If you’ve not read the astonishing amounts of dialogue triggered by the piece, I am Adam Lanza’s Mother, it’s worth reading the below response to it as well as other dialogue it’s triggered. You can find the other original pieces within the text of the piece I’m excerpting from below.
A Reflection on Mothers, Children, and Mental Illness, by Faith Rhyne
People have not, unfortunately, been so quick to realize that forced treatment is itself violent. The posts acknowledging the role of psychiatric drugs, largely SSRIs and stimulants, in aberrant violence are woefully few and far between.
I think that young man, Michael, has every right to be angry and hurt and confused.
I don’t know when being angry and hurt and confused became a mental illness.
As an adult survivor of early psychiatric treatment, a recovery educator, and as a parent, I am deeply concerned that we live in a world that is so punishing of difference that parents are pressured to hurt their children, taught to view them through diminished perspectives and to hear their cries for help and efforts to voice distress as symptoms, manipulations, and fits.
It is concerning to me that the relationship between a mother and a child can be so damaged that the child is harmed by the mother and the mother is afraid of her child. I actually have a lot of respect for Liza Long, because she was honest about how she felt and about how she perceived her son’s behaviors and attitudes.
Fear, sadly, is one of the common effects of mental illness. (please go read the rest)
I’m glad Faith underscored that forced psychiatric treatment is VIOLENCE. If people don’t understand the tragic irony inherent in that fact we will truly never resolve these issues. You cannot stop violence with violence.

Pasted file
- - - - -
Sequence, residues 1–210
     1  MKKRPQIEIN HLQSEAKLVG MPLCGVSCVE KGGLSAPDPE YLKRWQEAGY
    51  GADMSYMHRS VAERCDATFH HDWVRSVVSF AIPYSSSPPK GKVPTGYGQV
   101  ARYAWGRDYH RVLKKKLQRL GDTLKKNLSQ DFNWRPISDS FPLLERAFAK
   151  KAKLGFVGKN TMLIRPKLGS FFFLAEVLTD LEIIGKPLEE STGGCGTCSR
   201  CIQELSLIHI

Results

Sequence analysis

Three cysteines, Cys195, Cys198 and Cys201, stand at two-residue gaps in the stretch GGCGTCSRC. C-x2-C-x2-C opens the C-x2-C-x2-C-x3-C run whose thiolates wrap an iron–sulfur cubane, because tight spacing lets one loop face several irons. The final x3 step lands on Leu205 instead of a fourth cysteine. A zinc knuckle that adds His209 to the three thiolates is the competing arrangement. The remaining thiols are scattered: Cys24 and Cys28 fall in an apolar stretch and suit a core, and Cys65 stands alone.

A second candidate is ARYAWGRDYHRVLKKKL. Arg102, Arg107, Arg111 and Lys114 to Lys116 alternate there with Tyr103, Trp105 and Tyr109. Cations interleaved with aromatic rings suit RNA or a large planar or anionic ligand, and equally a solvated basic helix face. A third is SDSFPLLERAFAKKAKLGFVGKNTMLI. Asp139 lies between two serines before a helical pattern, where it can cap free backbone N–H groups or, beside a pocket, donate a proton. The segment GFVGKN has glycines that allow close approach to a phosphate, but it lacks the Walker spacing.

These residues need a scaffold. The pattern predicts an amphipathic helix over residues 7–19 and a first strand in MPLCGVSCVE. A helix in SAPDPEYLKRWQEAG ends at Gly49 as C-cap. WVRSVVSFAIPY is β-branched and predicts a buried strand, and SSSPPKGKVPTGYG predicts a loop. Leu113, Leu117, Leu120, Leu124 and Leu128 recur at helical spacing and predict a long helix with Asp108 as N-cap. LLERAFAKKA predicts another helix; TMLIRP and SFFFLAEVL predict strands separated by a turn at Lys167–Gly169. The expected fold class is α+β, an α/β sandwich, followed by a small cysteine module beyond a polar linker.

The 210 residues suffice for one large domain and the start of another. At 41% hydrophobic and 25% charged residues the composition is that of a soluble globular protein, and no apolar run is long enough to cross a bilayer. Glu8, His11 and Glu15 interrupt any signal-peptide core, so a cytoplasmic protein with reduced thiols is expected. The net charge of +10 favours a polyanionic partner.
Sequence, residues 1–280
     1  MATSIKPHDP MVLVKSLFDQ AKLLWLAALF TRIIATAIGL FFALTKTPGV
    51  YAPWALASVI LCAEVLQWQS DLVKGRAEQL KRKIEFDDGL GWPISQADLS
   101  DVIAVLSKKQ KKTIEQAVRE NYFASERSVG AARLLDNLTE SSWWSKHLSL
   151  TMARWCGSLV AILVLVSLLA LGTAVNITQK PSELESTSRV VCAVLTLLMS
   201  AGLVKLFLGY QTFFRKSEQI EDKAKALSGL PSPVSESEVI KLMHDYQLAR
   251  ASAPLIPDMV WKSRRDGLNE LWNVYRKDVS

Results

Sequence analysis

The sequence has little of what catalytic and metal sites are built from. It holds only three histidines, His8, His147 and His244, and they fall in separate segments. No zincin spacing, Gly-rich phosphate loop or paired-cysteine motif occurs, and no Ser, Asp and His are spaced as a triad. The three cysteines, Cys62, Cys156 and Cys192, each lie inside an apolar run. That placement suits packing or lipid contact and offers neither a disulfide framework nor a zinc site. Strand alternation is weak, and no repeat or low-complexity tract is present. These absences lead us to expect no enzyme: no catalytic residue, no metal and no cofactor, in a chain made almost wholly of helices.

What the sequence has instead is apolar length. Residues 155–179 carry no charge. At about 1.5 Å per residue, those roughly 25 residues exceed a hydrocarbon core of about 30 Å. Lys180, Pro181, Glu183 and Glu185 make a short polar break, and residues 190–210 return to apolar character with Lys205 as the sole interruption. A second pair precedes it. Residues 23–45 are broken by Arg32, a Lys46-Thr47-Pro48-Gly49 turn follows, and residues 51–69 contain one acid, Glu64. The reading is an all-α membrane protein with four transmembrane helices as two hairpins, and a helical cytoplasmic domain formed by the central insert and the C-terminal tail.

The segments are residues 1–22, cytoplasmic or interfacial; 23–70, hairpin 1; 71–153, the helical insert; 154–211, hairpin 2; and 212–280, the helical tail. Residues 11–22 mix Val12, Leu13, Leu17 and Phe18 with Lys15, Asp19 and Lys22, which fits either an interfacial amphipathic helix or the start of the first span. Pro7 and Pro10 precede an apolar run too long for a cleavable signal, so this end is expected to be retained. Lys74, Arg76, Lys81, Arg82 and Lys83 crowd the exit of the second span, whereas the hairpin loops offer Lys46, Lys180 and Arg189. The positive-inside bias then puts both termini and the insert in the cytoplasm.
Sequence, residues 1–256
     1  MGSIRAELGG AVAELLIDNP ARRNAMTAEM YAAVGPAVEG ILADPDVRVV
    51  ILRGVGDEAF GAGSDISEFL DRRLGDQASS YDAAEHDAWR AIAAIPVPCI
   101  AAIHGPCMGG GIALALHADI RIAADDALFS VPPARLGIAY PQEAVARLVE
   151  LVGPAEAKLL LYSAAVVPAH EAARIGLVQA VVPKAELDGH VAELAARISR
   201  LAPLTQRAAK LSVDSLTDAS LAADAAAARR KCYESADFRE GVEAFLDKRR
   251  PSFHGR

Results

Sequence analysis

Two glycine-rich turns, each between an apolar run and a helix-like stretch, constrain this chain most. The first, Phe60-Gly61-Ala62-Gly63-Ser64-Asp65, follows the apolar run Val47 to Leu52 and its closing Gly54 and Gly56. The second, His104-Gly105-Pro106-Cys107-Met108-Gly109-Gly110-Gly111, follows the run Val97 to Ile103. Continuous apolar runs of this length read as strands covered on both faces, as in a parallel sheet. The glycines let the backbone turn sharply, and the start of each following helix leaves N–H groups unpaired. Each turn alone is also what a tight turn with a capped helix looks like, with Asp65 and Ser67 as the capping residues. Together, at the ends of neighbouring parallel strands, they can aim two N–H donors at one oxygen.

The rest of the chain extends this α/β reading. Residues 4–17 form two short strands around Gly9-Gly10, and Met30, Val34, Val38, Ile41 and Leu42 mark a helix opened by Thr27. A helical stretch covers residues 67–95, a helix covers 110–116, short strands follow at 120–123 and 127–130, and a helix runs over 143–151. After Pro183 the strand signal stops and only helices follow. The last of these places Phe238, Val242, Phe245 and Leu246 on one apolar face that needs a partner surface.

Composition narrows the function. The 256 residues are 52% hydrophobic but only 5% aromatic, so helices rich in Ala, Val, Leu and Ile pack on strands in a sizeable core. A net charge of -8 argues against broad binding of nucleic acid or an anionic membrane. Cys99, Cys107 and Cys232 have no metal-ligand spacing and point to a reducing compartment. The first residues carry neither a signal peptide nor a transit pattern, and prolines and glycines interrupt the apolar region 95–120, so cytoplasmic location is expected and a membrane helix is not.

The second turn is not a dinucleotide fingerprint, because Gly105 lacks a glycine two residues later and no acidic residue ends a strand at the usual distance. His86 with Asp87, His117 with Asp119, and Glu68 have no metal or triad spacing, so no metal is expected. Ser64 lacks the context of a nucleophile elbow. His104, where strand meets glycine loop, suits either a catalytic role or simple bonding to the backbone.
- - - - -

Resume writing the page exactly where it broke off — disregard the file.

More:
Sometimes it seems that we, as human beings, suffer from a lack of imagination. That most health providers don’t know how to offer safer care when someone is in psychiatric crisis doesn’t mean that safer ways of care do not exist. Rather than respond to the chaos and pain of those in psychiatric distress with fear and violence people can learn LOVE instead. Love de-escalates…I have seen it. I know it exists. I have in fact de-escalated severely psychotic and violent people (without the aid of drugging) on more than one occasion.
And I GET intergenerational trauma...I get that blaming people is useless, meaningless…and I understand that people must feel what they feel…I see growing pains in all of this…I think it’s wonderful that this dialogue is happening.
I can feel compassion for all the members of this discussion even when I cringe at some of how they perceive their experience. This is how we grow. Get it out there and listen to one another.
It’s worth mentioning, too, that we do not know Adam Lanza or his mother. Anything about their relationship and how the tragedy happened will always be speculation. I’m reading all of this as a way to understand the speakers and their lives, knowing too that I will never know exactly what it’s like to be any of them.